It’s not just the nearly 800,000 people in New Jersey who get their health coverage through the Affordable Care Act who would be hurt if the law is repealed without being replaced. Hospitals and health systems across the state would also take a beating, according to data just released by the New Jersey Hospital Association. The NJHA projects that hospitals would lose through 2019, while post acute-care providers would sustain $325 million in cuts.
The effect on the 249,395 folks in New Jersey covered by marketplace plans and the 546,896 enrolled under Medicaid expansion would be felt across the state.
The NJHA also points out that it would be devastating, and lists a number of potential outcomes, including:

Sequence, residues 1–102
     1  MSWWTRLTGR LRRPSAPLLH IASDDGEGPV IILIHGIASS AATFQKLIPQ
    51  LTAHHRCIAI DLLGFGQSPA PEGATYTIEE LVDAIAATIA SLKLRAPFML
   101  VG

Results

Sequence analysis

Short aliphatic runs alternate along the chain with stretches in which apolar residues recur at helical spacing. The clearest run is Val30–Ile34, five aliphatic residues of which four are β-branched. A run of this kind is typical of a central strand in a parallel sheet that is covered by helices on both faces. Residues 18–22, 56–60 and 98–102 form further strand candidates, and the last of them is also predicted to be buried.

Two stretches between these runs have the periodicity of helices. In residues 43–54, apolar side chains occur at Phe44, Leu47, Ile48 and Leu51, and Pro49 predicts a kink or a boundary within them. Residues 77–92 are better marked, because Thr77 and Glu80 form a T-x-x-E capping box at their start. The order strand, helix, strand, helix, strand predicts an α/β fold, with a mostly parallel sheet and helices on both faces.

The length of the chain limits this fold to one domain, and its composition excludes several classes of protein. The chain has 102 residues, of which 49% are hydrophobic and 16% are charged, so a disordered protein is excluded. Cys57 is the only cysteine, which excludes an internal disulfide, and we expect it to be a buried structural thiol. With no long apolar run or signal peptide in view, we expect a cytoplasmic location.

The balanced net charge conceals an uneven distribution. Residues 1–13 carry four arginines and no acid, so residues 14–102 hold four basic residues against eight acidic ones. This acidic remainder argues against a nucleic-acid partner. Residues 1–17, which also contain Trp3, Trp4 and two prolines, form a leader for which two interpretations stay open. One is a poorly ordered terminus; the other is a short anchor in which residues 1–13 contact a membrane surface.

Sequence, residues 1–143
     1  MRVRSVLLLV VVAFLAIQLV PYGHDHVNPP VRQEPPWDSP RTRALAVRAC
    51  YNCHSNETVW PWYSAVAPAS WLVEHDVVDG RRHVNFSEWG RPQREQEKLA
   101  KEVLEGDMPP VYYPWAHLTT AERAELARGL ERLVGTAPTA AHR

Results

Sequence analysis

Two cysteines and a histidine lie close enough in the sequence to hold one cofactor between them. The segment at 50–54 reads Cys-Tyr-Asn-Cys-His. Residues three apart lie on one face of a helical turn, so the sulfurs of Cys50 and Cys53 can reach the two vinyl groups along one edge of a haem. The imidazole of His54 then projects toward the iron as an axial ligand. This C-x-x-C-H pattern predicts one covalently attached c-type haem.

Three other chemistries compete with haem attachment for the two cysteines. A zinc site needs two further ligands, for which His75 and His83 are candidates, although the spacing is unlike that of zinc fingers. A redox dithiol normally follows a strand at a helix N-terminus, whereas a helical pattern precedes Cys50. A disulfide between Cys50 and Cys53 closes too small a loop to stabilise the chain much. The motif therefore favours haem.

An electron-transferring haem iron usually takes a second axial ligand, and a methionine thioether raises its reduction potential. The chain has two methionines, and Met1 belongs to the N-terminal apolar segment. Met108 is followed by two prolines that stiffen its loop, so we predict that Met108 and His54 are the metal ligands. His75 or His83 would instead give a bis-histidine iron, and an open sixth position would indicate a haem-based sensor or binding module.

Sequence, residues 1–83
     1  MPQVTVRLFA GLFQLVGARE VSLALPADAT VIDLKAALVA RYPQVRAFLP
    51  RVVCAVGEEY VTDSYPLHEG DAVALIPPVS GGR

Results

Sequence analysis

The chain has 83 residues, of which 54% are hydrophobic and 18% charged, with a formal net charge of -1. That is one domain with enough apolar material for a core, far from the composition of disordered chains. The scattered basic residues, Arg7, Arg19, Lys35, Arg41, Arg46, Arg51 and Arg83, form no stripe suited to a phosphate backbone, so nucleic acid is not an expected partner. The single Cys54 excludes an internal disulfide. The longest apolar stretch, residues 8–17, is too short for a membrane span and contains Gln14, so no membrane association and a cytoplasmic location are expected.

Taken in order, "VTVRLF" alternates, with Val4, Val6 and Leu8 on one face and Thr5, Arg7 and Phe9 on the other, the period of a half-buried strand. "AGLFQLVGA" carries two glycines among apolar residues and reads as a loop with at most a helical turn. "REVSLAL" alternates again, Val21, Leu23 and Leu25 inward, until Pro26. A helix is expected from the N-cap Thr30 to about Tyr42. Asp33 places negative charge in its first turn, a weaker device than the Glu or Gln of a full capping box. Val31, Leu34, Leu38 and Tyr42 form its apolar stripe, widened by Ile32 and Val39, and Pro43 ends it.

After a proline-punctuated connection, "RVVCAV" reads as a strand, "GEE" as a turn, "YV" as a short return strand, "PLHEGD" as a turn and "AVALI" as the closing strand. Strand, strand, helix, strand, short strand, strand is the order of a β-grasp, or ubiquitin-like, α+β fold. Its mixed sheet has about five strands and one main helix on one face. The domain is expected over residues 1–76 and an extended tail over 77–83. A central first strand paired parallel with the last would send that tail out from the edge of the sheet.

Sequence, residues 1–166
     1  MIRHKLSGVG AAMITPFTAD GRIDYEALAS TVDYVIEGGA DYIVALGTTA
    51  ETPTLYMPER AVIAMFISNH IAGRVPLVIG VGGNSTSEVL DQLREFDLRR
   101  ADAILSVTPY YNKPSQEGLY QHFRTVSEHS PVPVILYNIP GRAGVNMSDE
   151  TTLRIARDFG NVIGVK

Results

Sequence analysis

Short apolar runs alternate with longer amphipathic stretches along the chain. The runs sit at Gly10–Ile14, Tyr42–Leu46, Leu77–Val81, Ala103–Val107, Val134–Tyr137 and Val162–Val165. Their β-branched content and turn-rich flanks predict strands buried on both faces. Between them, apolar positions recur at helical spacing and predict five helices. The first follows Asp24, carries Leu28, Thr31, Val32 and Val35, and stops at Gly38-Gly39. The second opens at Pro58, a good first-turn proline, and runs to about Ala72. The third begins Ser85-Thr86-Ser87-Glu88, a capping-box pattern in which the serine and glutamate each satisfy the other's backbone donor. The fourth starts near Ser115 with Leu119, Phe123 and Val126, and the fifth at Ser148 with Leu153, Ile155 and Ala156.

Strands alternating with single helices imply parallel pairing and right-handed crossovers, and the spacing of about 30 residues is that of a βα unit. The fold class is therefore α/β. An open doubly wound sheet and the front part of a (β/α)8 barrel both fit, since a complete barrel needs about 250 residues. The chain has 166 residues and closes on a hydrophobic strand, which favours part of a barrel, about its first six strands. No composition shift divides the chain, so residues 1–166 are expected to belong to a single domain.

A dramatic increase in the demand for charity care; that would be a double blow to hospitals that have seen charity-care funding cut by $350 million in the past two state budgets.
An increased reliance on emergency departments to access medical care, which would boost wait times and healthcare costs.
The loss of some $4.4 billion in federal matching funds provided under Medicaid expansion.
The loss of as much as $795 million in federal subsidies that now help New Jerseyans pay for insurance premiums.
The NJHA also notes that any cuts that come as a result of repealing Obamacare without replacing it would be in addition to the $1.5 billion in funding cuts that Garden State hospitals and health systems have seen since the ACA was established in 2010.